Transdermal estrogen therapy is often the most expensive form of hormone therapy and might not be indicated for self-medication due to high costs.
Stopping Hormone Therapy
There are not many instances where you would need to stop gender affirming hormone therapy. It is far more likely that dosage or brand would be adjusted in the case of side effects. In terms of transgender health, hormone therapy is a well-researched and generally safe treatment for transgender women.
If you are experiencing side effects or other health concerns, it might be better to consult a healthcare provider before resolving to stop hormone therapy entirely. Feminizing hormone therapy should be your first port of call and is an essential aspect of transgender health.
Some people who experience gender dysphoria might have contraindications for estrogen use, in which case you would require more anti-androgen medications to maintain the desired levels of hormones. Therefore, it is essential to find the right anti-androgen for you. What works well for one might not work nearly as well for another. Generally speaking, it is advised to start with the most widely used anti-androgen. Then, if that one is causing side effects or otherwise not having the desired effect of feminizing hormone therapy, you attempt the next anti-androgen down the list, and so on.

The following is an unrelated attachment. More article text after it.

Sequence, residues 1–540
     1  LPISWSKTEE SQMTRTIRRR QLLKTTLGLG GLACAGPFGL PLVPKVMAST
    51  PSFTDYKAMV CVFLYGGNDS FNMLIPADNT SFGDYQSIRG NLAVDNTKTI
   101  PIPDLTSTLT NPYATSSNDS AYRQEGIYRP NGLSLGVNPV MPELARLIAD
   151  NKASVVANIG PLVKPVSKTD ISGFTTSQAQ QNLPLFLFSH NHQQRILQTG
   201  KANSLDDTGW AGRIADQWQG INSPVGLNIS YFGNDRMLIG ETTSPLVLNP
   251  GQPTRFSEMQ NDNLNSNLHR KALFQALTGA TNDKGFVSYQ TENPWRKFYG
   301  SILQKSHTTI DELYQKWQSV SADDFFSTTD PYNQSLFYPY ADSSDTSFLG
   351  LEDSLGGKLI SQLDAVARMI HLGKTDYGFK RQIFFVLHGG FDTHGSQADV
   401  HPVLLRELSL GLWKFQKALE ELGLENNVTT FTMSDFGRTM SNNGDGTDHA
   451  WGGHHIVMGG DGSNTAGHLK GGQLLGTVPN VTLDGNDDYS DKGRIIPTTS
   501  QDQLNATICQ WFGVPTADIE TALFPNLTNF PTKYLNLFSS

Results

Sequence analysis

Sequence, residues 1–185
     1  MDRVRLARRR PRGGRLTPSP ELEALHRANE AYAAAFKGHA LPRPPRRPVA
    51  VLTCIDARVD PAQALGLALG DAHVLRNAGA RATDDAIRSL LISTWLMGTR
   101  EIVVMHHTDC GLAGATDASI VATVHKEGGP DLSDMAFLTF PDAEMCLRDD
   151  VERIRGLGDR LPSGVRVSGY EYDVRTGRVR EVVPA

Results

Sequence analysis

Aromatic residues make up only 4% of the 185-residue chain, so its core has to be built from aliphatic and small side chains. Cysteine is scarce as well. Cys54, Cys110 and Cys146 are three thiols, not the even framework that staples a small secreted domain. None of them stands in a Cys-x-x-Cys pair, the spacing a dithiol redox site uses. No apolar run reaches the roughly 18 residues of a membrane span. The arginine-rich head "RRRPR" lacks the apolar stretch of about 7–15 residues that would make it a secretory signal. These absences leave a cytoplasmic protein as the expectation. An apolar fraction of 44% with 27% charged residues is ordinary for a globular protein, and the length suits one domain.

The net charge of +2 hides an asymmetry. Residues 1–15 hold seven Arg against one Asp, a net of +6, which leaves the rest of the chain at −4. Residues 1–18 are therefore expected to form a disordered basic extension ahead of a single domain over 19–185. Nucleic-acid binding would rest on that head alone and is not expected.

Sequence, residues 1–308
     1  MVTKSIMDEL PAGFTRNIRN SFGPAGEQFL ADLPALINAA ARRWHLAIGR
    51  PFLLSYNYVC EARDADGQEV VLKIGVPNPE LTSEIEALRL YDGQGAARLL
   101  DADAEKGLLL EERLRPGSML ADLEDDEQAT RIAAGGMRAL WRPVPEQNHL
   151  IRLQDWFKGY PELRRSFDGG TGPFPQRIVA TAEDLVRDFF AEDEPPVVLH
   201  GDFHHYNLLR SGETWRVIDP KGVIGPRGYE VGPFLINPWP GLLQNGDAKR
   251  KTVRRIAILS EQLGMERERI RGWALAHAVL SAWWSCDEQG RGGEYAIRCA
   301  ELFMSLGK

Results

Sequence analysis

If you are experiencing persistent problems, you might need to seek professional assistance concerning feminizing hormone therapy. In addition, if you do experience severe adverse effects from self-medication with any sex hormone for gender dysphoria, it might be necessary for you to consult with a healthcare professional.
Mental Health Conditions
It is essential to acknowledge that mental health conditions are common in transgender women, as it would be with the rest of the transgender community. The main reason for this is prolonged gender dysphoria and likely social ridicule.